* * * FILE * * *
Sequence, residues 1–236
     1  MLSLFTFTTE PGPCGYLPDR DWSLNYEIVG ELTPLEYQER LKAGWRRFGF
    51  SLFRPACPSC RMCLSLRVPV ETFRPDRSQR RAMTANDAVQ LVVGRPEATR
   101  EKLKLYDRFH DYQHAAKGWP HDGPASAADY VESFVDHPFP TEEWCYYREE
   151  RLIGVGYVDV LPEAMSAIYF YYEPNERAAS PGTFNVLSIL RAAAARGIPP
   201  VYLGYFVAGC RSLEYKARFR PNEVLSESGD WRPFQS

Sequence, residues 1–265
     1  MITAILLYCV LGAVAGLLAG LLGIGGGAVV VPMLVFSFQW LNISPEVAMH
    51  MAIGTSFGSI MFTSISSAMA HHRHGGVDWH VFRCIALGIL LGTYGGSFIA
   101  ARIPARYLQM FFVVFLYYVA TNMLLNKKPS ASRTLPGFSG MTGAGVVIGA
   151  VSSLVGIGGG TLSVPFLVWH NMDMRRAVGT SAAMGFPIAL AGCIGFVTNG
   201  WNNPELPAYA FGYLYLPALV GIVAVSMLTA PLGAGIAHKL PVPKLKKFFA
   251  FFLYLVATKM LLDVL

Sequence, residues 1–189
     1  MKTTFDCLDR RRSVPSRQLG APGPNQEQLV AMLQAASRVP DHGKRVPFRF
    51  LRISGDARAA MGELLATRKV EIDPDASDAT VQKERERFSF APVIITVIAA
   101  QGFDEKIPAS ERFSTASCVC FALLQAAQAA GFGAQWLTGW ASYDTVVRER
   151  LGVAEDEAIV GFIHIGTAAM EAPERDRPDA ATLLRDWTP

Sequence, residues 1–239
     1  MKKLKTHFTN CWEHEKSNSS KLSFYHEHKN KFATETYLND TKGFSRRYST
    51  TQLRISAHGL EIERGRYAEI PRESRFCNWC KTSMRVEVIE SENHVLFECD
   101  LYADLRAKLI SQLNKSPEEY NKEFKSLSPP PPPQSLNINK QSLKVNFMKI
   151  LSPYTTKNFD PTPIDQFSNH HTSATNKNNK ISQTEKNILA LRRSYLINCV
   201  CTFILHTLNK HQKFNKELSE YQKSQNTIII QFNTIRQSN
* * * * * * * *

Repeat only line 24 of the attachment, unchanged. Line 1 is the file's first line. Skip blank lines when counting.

   201  CTFILHTLNK HQKFNKELSE YQKSQNTIII QFNTIRQSN